A fascinating infographic on the Visual Capitalist website looks at the major unintended consequence of the extended period of post-Great Recession ultra-low interest rates; debt creep by the world’s governments. During this lengthy monetary experiment by the world’s leading central banks, national governments (and other levels of government as well) have taken the opportunity to load up on debt since it appears that, at low single digit interest rates, there is no risk in accumulating additional debt.
Let’s start by looking at two examples starting with the United States. Here is what has happened to interest rates on key Treasuries since the end of 2007:
This, along with government’s unwillingness to balance the federal budget, has led to this happening to Washington’s debt load, an increase that can be termed “debt creep”:
Japan, the world’s second-most indebted nation provides us with another example of “debt gone wild”:
Here is a graphic from the OECD showing the debt-to-GDP level for all OECD nations (i.e. the so-called advanced economies) in 2015:
Let’s look at the global scale of the debt creep problem. Here is Visual Capitalist’s take on the global sovereign debt issue where the size of a nation’s nominal debt is proportional to the area inside the circle:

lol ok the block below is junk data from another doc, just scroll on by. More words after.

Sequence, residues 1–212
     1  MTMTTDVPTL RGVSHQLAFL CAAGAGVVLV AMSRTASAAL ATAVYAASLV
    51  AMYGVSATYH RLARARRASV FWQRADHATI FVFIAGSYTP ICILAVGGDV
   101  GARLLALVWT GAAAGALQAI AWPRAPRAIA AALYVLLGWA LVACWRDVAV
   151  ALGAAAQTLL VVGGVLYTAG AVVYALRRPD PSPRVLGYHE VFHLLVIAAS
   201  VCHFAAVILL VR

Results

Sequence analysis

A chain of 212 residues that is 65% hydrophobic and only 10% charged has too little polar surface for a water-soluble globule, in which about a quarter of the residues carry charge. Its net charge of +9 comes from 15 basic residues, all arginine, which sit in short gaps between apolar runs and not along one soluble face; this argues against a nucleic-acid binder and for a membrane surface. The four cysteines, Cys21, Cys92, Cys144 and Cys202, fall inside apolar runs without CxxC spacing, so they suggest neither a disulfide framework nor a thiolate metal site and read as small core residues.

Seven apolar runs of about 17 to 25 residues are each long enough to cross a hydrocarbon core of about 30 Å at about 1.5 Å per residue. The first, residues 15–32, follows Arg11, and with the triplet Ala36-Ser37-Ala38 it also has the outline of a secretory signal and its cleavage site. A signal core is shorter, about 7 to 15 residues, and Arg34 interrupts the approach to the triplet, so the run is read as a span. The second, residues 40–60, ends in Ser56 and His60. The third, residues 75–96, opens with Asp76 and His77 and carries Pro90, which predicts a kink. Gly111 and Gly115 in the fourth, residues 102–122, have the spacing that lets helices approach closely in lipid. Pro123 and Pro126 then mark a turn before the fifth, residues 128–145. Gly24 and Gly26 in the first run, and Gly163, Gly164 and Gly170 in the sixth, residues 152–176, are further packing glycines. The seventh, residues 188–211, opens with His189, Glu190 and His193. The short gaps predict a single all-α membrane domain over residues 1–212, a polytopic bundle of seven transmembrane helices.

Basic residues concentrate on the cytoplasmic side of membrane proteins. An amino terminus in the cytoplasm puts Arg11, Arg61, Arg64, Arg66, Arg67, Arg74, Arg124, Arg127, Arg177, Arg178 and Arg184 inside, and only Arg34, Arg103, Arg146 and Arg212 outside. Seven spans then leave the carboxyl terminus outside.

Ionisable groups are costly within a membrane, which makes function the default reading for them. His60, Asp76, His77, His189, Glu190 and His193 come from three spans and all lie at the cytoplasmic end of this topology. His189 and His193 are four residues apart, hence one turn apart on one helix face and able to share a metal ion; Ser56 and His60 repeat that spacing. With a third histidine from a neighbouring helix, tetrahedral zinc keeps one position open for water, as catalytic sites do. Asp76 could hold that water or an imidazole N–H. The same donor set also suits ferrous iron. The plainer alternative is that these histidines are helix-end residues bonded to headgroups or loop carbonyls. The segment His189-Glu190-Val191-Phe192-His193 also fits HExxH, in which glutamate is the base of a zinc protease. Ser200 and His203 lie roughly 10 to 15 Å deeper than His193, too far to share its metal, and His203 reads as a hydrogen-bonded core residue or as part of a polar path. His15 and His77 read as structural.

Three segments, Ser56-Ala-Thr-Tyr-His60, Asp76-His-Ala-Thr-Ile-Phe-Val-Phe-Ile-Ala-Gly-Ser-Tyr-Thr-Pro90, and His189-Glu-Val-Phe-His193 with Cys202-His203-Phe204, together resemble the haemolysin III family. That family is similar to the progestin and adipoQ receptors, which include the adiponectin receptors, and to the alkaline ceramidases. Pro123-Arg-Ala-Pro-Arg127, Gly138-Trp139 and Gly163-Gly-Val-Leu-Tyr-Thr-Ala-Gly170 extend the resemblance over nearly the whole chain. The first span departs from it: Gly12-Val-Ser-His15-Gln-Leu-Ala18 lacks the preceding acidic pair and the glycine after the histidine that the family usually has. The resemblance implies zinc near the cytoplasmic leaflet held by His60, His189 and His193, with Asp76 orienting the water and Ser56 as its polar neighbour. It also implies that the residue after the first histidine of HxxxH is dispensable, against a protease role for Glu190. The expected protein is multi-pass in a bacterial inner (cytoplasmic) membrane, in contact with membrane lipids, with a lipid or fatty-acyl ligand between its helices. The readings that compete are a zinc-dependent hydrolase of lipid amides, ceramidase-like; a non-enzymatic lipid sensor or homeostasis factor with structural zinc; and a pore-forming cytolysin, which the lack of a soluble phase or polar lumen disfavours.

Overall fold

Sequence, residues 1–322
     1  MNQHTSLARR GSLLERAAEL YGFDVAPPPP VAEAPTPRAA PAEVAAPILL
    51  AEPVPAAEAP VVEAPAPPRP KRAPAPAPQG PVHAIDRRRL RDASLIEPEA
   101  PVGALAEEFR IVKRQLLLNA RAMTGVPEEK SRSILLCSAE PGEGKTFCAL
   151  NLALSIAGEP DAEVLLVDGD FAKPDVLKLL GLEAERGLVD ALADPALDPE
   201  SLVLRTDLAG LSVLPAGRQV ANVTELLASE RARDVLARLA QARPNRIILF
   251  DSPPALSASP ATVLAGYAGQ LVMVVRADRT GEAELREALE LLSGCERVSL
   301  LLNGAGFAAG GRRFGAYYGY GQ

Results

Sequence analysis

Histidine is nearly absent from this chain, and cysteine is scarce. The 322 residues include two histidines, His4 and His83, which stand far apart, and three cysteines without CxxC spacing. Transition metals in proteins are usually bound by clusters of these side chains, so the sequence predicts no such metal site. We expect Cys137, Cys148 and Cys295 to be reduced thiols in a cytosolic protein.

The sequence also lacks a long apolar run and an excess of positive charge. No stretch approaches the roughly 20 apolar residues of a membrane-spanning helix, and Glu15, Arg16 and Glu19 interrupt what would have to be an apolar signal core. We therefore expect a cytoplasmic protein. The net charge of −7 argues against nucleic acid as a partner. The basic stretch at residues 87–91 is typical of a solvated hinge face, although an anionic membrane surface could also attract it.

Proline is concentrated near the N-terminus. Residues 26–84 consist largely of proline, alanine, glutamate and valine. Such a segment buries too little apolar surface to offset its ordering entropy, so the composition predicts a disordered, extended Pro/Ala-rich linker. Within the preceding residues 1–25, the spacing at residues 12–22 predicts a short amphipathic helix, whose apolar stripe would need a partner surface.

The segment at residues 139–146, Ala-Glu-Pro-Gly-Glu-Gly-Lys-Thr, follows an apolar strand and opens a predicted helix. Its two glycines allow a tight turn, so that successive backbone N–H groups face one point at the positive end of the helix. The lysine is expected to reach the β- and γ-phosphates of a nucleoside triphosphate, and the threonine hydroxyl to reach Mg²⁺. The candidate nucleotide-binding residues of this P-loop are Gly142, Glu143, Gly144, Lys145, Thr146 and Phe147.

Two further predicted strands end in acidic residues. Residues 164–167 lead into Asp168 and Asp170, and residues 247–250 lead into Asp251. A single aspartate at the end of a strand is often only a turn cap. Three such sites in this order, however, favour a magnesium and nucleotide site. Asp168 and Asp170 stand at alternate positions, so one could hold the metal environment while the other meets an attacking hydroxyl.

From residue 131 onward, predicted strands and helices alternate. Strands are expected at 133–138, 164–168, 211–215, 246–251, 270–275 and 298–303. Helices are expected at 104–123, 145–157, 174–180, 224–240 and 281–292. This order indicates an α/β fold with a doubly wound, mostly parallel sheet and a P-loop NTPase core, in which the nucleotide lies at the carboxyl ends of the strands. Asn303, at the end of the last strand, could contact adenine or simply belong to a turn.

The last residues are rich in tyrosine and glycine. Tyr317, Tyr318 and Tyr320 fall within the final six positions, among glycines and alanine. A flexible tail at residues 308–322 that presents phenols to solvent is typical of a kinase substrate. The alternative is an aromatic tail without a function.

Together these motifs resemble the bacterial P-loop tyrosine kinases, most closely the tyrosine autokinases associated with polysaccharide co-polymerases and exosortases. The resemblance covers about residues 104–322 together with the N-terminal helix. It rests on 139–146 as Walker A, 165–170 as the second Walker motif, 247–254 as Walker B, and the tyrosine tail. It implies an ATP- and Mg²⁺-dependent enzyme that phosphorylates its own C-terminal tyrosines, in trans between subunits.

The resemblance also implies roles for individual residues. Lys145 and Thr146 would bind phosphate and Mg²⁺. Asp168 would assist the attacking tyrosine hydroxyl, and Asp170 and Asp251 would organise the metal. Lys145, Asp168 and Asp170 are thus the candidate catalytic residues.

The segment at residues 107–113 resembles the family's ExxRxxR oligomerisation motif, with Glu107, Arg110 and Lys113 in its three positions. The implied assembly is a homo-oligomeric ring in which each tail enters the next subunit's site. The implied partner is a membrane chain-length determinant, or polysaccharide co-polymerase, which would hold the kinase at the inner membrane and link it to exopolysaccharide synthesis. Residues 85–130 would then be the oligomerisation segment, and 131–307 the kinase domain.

1.) United States – $20.453 trillion or 31.8 percent of global sovereign debt
2.) Japan – $11.813 trillion or 18.8 percent of global sovereign debt
3.) China – $4.976 trillion or 7.9 percent of global sovereign debt
4.) Italy – $2.454 trillion or 3.9 percent of global sovereign debt
5.) France – $2.375 trillion or 3.8 percent of global sovereign debt
When measured in terms of the size of the local economy (i.e. debt-to-GDP), the most indebted nations are:
1.) Japan – 239.3 percent
2.) Greece – 181.6 percent
3.) Lebanon – 148.7 percent
4.) Italy – 132.6 percent
5.) Portugal – 130.3 percent
Thanks to the actions of the world’s most influential central bankers and their “hangers-on”, the world is awash in sovereign debt, debt that has continued to creep upwards despite the hard lessons taught (and unlearned) during the Great Recession and its aftermath. This is just another in a long line of unintended consequences of experimental monetary policies implemented by the ECB, the Federal Reserve and the Bank of Japan. As well, the ruling class has, to this point in time, seen little reason to reduce government debt and in many cases, has continued to accumulate debt to the point where there is almost no chance that governments will be able to reduce the pain of higher interest rates in the future. Debt creep will prove to be the undoing of the global economy during the next severe recession when governments are simply unable to stimulate their local economies let alone help bail out the weakest debtor nations.
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